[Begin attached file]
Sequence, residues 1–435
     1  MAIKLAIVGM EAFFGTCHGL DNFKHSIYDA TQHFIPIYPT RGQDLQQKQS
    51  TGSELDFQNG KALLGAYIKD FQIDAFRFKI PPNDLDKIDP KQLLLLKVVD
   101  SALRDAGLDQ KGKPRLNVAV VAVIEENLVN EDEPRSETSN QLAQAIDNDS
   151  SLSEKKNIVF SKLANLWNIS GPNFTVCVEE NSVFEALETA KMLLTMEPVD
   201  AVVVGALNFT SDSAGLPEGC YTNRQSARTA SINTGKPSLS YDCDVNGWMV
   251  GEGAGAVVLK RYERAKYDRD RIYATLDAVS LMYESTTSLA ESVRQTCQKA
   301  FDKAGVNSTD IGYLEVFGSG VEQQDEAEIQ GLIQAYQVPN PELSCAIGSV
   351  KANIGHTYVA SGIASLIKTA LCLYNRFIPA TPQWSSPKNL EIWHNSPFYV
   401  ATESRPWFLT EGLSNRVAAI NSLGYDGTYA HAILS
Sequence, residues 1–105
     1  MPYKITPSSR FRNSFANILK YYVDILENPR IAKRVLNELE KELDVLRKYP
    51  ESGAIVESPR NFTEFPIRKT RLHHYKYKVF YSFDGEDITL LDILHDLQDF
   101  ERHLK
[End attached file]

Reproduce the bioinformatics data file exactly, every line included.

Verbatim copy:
Sequence, residues 1–435
     1  MAIKLAIVGM EAFFGTCHGL DNFKHSIYDA TQHFIPIYPT RGQDLQQKQS
    51  TGSELDFQNG KALLGAYIKD FQIDAFRFKI PPNDLDKIDP KQLLLLKVVD
   101  SALRDAGLDQ KGKPRLNVAV VAVIEENLVN EDEPRSETSN QLAQAIDNDS
   151  SLSEKKNIVF SKLANLWNIS GPNFTVCVEE NSVFEALETA KMLLTMEPVD
   201  AVVVGALNFT SDSAGLPEGC YTNRQSARTA SINTGKPSLS YDCDVNGWMV
   251  GEGAGAVVLK RYERAKYDRD RIYATLDAVS LMYESTTSLA ESVRQTCQKA
   301  FDKAGVNSTD IGYLEVFGSG VEQQDEAEIQ GLIQAYQVPN PELSCAIGSV
   351  KANIGHTYVA SGIASLIKTA LCLYNRFIPA TPQWSSPKNL EIWHNSPFYV
   401  ATESRPWFLT EGLSNRVAAI NSLGYDGTYA HAILS
Sequence, residues 1–105
     1  MPYKITPSSR FRNSFANILK YYVDILENPR IAKRVLNELE KELDVLRKYP
    51  ESGAIVESPR NFTEFPIRKT RLHHYKYKVF YSFDGEDITL LDILHDLQDF
   101  ERHLK